Sunday, April 09, 2006

all the little hatchets that came up

I've been listening online and on NPR to fiction writers/poets and scientists, trying to talk to each other about how science works in literary fiction and poetry. So far it's been a complete bust. Characteristic was an exchange between a poet and a quantum-computing guy on NPR on Friday. The poet, petulant, demanded to know how quantum computing was going to be fantastic and revolutionary and change her life, and the science guys were so excited a poet had called that they started grasping at how poetic quarks are. Once again: Poet talking about a person (even if herself); scientists talking about quarks.

Also characteristic was a discussion I had with an advisor to the University of Iowa's Literature, Science and the Arts program, during which he kept trying to hook me up with nonfiction and science-fiction writers -- anything that had to do with writing. The idea of literary fiction as a separate discipline wasn't really there. Towards the end he looked sort of baffled and said he didn't really hear much from non-SF fiction people.

It occurred to me that a primary quality of the science writing I've read, by scientists and nonscientists, is of breakneck speed. Terrific enthusiasm, terrific pushing-ahead, and a tangible sense that this is very exciting but there's a lot of work to do, and we're on our way to something. In what I've seen of science, too, there's pressing, pressing, pressing ahead, scheduling the experiments, at the edge of the chair for results for the next paper, the next conference. I don't see that there's time for chewing over the words and making perfect sentence. This is is not, as far as I've known, the mood of poetry and literary fiction writing. Both are contemplative and reflective, and demand perfect sentences, or as close as you know how to make them. And maybe this difference in how we work is a real impediment when we try to talk.

I'm looking at the little bookshelf in my office, and -- well, here are two science writers, two literary writers. John McGahern first, by way of memorial, from his novel The Dark opened at random:
You went the same road back, rage seething, and failure. People had to go among people, they needed other people, yet they couldn't be easy, all the little hatchets that came up. Wouldn't it be better for them to stay alone in the fields and rooms, and let the world come or pass in whatever shape it would? Why couldn't the Ryans listen to you tell them that Joan was leaving and no more, instead of driving knives at you, and why had you the same urge to knife them back? Then you couldn't think when you imagined that meek bastard alone with her in the bathroom.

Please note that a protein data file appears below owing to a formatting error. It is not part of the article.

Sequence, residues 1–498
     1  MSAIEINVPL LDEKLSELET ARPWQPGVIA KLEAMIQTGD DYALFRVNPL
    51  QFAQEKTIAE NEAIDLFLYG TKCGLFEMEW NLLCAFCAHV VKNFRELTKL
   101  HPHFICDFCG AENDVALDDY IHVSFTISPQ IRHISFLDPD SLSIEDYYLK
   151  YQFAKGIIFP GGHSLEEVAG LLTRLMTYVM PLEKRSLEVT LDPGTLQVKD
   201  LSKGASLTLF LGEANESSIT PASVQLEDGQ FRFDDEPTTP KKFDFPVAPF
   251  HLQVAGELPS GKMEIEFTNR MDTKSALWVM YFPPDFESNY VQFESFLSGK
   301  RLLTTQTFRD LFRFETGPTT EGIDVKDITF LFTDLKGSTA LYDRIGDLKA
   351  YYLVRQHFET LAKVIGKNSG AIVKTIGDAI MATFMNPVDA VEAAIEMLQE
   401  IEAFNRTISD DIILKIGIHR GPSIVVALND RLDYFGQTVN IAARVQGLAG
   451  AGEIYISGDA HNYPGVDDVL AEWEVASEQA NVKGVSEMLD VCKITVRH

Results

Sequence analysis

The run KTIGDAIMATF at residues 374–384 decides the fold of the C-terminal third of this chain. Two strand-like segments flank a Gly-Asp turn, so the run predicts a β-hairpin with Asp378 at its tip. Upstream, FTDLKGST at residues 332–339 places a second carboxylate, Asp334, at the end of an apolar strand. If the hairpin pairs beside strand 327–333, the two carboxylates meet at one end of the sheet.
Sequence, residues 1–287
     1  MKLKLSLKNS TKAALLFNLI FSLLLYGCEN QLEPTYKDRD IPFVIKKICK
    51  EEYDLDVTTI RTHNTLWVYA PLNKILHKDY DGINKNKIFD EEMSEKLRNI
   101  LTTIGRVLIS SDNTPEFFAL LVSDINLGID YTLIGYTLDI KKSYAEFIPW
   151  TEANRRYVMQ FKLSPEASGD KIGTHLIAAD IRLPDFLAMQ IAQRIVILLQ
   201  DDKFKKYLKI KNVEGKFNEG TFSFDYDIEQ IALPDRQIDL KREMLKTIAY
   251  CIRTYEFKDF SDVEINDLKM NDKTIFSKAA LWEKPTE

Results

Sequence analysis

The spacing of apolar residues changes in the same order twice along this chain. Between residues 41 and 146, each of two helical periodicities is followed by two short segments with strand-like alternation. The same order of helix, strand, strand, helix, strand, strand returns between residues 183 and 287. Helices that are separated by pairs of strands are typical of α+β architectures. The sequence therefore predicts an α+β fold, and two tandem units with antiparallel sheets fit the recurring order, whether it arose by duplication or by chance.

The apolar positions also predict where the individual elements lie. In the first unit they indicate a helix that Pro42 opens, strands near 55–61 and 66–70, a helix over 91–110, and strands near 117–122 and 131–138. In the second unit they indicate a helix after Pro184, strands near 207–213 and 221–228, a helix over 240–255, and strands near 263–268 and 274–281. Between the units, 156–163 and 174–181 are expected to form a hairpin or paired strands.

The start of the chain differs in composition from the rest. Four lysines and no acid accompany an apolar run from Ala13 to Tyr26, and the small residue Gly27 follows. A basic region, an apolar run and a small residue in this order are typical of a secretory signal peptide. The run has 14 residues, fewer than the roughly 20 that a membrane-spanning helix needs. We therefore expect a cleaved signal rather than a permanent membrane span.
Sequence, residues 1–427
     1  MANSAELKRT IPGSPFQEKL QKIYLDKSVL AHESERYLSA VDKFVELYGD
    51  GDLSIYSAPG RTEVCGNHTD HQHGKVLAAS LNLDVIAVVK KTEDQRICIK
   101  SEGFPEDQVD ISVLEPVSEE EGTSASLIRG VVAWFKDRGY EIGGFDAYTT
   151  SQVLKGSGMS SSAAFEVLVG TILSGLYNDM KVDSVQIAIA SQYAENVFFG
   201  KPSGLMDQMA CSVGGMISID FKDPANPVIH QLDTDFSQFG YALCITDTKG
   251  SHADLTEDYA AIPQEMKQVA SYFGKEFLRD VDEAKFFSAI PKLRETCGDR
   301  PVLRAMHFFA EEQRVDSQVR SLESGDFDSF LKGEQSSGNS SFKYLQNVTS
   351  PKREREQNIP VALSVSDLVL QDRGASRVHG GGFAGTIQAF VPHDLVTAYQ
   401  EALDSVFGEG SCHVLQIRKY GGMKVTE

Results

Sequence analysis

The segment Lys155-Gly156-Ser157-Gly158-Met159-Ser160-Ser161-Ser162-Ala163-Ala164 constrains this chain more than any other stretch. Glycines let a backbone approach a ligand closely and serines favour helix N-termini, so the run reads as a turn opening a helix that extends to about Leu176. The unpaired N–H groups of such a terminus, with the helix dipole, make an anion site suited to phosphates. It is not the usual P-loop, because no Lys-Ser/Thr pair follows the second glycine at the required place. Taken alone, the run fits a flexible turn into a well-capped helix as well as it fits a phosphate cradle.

And here is Wallace Stevens ("The Ultimate Poem Is Abstract"):

This day writhes with what? The lecturer
On This Beautiful World Of Ours composes himself
And hems the planet rose and haws it ripe,

And red, and right. The particular question -- here
The particular answer to the particular question
Is not in point -- the question is in point.

What's important there, the language, not just the vision but the language, because without having the language right the exactness and depth of the peculiar vision won't be there. Here by contrast is Dawkins, using language not to paint but to illustrate:

So what do we mean by a miracle? A miracle is something that happens, but which is exceedingly surprising. If a marble statue of the Virgin Mary suddenly waved its hand at us we should treat it as a miracle, because all our experience and knowledge tells us that marble doesn't behave like that.

(I was going to quote from a book called The Abacus, which a publisher's rep gave me years ago and which I've been carting around ever since, but it's terrible, and I see I ought to throw it out instead of inflicting it on you.)

Anyway. The difference between illlustration and painting might not be a terrible metaphor. Maybe the closest analogue between science writing and literary fiction might be when the science is new and exists only in the mind of the scientist. At that point the scientist is not trying to illustrate something that's already out in the world and understood, if understood in various ways, but is trying to paint some reality which, at that moment, only he can see.

7 comments:

JohnM said...

The breakneck speed thing is definitely a barrier to reflection. James Gleick does a thorough job describing the pervasiveness of that trend in Faster. It's a quick read. ;)

Your post title reminded me of one of the quotes from Diane Ackerman that I posted recently; I think she's an interesting mix of contemplative literary writing and optimism about the progress of science.

I also recently read Dawkins' River out of Eden, and while he is effusively pro-science and relentlessly anti-mystic, the passage I quote here is a good example of some of the inspirational awe and wonder you can tell that he has for nature, and shares with many a poet. Dawkins and Ackerman (here's a good example) often seem to be saying, "Hey! You poets! Get your nose out of your own navel and look at all this amazing stuff in nature! You want truth and beauty? I got your truth and beauty right here! Ever seen a bee dance?"

abramoff said...

I don't agree. Look at Nabokov, the literary writer / scientist if any, who was very meticulous in his choice of how he painted his sentences. A scientist who also writes literature, as Nabokov, is very different from and not at all a scientist using science in his or her writing. Which is where some of the confusion may come from.